Case in point: The irons he played before his current set. Palmer cycled through multiple sets of Titleist AP2 710’s for almost nine years. In that time, Titleist introduced four iterations of the AP2.

“Why would he do this?” you ask. “Because they worked,” is the answer.

The same can be said for multiple drivers, 3-woods, and 5-woods that stayed in the bag for 3-4 years at a time.

It might not seem like a big deal but on tour it is. OEMs cycle in new gear almost every year, and these days the equipment improves from cycle to cycle, so having a player like Palmer stick to certain parts for so long is a bit of a rarity. The only other players I know who do it at this rate would be Fred Couples and Bernhard Langer.

RP and I have become friends over the past couple of years, and his approach to equipment is what every golfer should aspire to: it has to work. And if it does, don’t ditch it until it breaks or something comes around that is significantly better.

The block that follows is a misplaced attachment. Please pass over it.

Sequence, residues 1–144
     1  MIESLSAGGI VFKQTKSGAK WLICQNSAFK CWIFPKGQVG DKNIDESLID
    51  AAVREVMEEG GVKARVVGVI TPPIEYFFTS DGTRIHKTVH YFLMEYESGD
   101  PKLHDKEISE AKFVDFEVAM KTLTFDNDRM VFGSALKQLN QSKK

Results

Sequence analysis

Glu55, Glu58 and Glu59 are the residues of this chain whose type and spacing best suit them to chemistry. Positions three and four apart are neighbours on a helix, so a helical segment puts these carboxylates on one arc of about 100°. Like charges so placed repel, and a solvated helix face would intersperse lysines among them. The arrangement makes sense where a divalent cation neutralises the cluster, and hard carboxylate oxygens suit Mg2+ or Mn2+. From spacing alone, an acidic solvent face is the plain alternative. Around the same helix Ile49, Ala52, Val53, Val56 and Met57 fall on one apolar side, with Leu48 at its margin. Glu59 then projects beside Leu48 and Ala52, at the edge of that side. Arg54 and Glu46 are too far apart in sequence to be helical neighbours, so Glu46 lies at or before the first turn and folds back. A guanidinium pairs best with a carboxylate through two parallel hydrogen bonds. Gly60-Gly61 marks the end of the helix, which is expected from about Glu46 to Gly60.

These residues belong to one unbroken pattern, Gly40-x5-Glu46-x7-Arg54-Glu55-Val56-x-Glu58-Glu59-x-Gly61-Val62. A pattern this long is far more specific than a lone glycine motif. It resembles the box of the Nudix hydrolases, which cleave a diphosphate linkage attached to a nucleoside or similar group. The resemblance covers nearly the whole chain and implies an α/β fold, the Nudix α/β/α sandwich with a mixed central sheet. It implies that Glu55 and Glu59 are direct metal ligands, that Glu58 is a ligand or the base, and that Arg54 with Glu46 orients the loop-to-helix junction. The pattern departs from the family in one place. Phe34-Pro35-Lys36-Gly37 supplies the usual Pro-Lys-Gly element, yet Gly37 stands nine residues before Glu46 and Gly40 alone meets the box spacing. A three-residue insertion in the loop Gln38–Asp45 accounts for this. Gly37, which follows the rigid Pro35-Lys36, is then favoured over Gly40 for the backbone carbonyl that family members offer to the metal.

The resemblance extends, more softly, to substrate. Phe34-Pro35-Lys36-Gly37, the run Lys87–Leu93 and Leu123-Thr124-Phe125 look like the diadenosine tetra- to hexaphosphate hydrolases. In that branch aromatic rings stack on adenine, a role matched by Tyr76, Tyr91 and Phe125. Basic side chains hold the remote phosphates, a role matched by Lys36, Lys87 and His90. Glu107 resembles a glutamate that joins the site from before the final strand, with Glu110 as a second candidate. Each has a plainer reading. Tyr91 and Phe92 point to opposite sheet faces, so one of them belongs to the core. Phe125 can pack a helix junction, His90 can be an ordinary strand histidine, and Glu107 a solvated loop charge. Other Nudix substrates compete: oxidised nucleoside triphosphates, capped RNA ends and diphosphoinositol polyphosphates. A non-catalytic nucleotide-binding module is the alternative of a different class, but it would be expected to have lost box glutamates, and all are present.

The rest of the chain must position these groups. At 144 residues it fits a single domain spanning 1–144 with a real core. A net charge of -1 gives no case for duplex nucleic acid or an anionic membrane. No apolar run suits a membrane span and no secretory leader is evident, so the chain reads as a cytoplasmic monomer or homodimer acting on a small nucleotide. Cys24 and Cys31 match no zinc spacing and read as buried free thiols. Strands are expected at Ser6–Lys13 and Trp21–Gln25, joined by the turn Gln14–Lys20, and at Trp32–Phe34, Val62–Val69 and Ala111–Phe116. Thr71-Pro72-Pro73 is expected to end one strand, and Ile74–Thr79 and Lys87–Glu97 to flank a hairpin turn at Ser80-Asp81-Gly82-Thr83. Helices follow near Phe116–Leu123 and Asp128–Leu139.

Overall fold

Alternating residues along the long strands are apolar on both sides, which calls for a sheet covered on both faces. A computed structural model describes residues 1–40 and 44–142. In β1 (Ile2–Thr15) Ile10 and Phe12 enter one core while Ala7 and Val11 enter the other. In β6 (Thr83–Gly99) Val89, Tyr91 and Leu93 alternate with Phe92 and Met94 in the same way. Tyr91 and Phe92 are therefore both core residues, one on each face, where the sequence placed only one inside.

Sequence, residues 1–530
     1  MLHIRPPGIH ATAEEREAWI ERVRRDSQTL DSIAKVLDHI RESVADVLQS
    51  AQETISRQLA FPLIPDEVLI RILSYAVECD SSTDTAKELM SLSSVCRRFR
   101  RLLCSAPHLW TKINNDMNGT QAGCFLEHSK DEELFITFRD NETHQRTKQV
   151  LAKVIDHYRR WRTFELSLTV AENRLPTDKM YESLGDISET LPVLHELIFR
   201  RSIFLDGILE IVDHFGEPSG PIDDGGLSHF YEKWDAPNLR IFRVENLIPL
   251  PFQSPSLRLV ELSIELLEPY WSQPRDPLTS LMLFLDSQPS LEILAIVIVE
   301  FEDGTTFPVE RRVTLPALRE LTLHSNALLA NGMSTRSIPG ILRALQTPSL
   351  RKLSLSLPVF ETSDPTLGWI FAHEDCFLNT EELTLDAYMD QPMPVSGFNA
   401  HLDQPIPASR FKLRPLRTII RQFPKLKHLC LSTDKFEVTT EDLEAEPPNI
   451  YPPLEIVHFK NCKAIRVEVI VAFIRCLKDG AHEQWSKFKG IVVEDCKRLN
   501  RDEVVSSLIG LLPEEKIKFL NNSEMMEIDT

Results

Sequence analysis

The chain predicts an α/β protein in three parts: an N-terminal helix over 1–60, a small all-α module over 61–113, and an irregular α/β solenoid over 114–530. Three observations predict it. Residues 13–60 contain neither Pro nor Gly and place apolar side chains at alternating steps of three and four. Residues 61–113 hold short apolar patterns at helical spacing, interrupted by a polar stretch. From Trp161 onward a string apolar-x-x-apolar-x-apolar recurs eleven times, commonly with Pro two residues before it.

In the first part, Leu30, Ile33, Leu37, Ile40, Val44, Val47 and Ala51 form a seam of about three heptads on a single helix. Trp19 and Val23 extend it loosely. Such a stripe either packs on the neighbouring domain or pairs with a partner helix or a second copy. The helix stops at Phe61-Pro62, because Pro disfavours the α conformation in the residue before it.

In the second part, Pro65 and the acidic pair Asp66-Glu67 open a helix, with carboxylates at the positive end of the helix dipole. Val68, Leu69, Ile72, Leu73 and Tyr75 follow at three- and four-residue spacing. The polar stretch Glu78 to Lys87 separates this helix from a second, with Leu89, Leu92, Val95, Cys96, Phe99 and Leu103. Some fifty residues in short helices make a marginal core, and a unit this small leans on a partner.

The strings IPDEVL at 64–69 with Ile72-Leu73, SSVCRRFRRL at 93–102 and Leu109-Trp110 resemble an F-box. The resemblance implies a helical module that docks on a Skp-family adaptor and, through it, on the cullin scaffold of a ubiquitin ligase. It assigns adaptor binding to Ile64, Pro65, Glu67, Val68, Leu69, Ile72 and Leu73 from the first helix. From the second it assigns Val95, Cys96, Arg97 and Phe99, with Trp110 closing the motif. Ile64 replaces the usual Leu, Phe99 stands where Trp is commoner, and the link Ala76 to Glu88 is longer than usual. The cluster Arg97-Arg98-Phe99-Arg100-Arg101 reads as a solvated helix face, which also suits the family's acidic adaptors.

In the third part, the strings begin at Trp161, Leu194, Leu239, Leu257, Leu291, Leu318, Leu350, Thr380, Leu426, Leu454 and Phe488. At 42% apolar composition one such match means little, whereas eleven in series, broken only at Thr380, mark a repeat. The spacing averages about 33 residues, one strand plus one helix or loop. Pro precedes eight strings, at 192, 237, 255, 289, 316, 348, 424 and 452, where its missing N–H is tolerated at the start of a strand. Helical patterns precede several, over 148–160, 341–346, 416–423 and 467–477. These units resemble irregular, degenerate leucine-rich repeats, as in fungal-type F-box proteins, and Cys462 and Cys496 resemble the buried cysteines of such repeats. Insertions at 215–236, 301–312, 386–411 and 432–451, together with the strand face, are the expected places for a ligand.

Over the past 9 months, Ryan has made more changes to his bag than any over the past decade. He replaced a driver, a four-year-old 3-wood (M2), and a five-year-old 5-wood (R15).

But as you will see when we look a bit closer, the changes have been for the better in every capacity.

Driver: TaylorMade SIM (9 degrees, Upright Setting, 18G Back weight)
Shaft: Project X HZURDUS Smoke RDX USA Limited Edition 60 6.5 (D4, Tipped 1″, 45.25 Inches)